(c) 2005-2007 Vidar Madsen
LastFMProxy is a proxy server for the last.fm radio streams. It allows you
to use your regular old audio player to listen to the last.fm streams. It
does this by acting as a player itself, connecting to the server on your
behalf, but instead of playing the stream, it simply relays it to
whichever other application connecting to it.
2. Basic usage
First, make sure you have a Python environment installed. You might have
one already, but if not, go to http://www.python.org/ftp/python/ and
download one suitable for your operating system. (If you're using a
Windows operating system, you will need to get Windows Installer to
Now, uncompress and unpack the archive file. In Unix-like operating systems,
you can do this by running the command:
tar xvzf lastfmproxy.tar.gz
Under Windows, WinZip or a similar compression tool should do fine.
Now go into the directory "lastfmproxy", and modify the file "config.py"
and set our last.fm login and password. If you need (or want) to use an
external proxy for web access, you must set also set useproxy to "True",
and set the proxy host name and port.
The config file has a "bind_address" options, which tells the proxy which
network interface to listen on. The default is to bind only to the localhost
interface (127.0.0.1). If you want to be reach the proxy from other hosts
on the network, change this to either the machine's IP address or just use
"0.0.0.0", which binds it to all interfaces available. Note that this is
potentially less secure than binding only to the localhost IP, though.
Now you can start the proxy. This is done by simply running "main.py".
It will then show the URL at which you must aim your player. Mark and
copy this URL to your clipboard or similar.
Finally, fire up your web browser of choice. Select "Open location" or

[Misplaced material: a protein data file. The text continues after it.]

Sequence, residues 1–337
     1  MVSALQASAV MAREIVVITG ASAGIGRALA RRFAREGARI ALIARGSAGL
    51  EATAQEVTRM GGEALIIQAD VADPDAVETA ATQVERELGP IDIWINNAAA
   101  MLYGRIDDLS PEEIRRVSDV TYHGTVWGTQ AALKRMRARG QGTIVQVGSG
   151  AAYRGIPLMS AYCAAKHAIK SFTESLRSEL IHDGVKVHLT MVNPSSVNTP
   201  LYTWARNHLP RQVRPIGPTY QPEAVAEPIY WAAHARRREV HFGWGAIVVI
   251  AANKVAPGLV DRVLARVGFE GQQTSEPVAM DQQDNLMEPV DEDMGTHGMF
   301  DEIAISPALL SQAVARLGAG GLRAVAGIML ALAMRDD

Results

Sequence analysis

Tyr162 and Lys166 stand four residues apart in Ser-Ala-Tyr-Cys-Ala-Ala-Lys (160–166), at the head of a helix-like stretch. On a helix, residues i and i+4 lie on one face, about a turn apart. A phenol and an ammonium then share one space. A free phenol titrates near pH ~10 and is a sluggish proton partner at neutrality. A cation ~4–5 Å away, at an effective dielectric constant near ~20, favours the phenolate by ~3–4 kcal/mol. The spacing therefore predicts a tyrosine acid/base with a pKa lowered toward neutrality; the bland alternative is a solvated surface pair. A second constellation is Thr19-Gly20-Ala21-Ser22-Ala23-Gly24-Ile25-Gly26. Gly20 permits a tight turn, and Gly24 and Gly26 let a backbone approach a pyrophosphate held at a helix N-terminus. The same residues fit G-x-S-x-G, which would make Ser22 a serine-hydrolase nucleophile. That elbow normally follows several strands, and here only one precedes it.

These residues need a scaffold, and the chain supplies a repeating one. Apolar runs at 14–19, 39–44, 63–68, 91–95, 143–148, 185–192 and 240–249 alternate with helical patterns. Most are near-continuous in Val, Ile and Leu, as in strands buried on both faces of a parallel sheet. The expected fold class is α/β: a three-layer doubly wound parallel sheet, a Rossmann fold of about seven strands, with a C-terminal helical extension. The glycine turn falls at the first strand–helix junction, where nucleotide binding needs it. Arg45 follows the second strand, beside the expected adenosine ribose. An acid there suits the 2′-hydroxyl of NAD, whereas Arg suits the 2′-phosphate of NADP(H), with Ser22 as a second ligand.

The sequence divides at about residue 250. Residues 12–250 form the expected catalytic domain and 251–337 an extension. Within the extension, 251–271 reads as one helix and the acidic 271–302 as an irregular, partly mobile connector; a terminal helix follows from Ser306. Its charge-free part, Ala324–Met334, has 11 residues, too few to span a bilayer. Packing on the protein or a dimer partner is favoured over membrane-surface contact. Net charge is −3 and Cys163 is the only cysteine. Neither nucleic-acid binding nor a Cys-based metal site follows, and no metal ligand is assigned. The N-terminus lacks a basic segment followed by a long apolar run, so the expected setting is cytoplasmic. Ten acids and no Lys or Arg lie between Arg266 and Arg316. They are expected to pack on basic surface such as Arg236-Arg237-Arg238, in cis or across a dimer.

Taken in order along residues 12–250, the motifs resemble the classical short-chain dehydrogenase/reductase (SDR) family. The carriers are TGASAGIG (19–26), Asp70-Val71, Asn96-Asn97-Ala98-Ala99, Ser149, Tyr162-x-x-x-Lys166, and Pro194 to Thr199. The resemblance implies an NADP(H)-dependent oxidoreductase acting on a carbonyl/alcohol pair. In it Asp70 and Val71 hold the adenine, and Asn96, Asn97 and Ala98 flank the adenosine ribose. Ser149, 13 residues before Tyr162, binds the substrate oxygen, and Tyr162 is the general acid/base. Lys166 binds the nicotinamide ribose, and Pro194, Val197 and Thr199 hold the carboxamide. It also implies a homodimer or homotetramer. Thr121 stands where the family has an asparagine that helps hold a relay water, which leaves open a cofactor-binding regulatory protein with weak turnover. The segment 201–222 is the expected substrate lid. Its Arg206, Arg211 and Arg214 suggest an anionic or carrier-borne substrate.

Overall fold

something similar, and paste the URL there. You should see the proxy
status page, vaguely resembling the last.fm player. Click "Start radio",
and you're done! (You can also bookmark the URL in your browser for next
time, to save you a little bit of work.)
By default, the server starts playing your last station (or your "musical
neighbours" station, if it couldn't be determined for some reason).
Normally you will want to use the "changestation" script to change channels
(see paragraph below). If not, you can use the web interface directly. The
web interface is not perfect, but it's not too hard to do manually. To play
another station, you can simply modify the browser URL; Just append the
"lastfm:" station address directly to your proxy URL.
Some example URLs;
You should get the picture. :) One thing, though; when you're editing URLs,
make sure you replace spaces with "%20" (e.g. "hiphop" becomes "hip%20hop".)
The easiest shortcut is to browse the last.fm site, and "Copy link location"
when you see a station you like, and simply paste it at the end of the
browser location in the proxy window.
Also, whenever you change stations, they will be added to the station history
pulldown menu in the lower right, where they quickly and easily can be fetched
Note; You can also select a station directly when starting the player. Just
open an URL on the form "http://localhost:1881/globaltags/jazz.m3u" to start
streaming *and* select a station at the same time.
This is particularly useful if you don't have a browser at all, and just want
to listen to music. Under Linux, using mplayer, you can listen to any channel
by starting the proxy, then launch:
mplayer -playlist "http://localhost:1881/globaltags/metal.m3u"
3. Configuring the changestation.py script (Mozilla Firefox only)
Here's how to make the lastfm://station links work:
- In Firefox, open the location "about:config"
- Right-click, select "New String"
- As name, enter "network.protocol-handler.app.lastfm", "OK"
- As value, enter the full path to the included "changestation.py" script
(e.g. "C:\Program Files\lastfmproxy\changestation.py"), then "OK"
That should do the trick. Now, when you click on station link on the last.fm
site, the proxy should catch on and start playing your selection in a few
Nothing is perfect. Here are some things you should know:
- The author has only tested it under Linux. But user feedback seems to
indicate success under various Windows versions and Mac OS X.
- It is probably full of bugs. Hopefully the most annoying of these can get
stomped out eventually.
- The Record to Profile and Discovery Mode checkboxes lag. RTP will take a
few seconds to toggle, while Discovery will not update until the next song
change. This is a known issue, but I'm not sure about the right way to fix
it (if at all). The checkboxes reflect what the server reports about its
current status, and not what it will do in the future.
I can't promise much support, but feedback is always welcome.
You can drop me a message on last.fm (nick "vidarino"), or send me
a mail at "vidarino at gmail dot com".
Also, there's now a LastFMProxy group on the last.fm site. Feel free to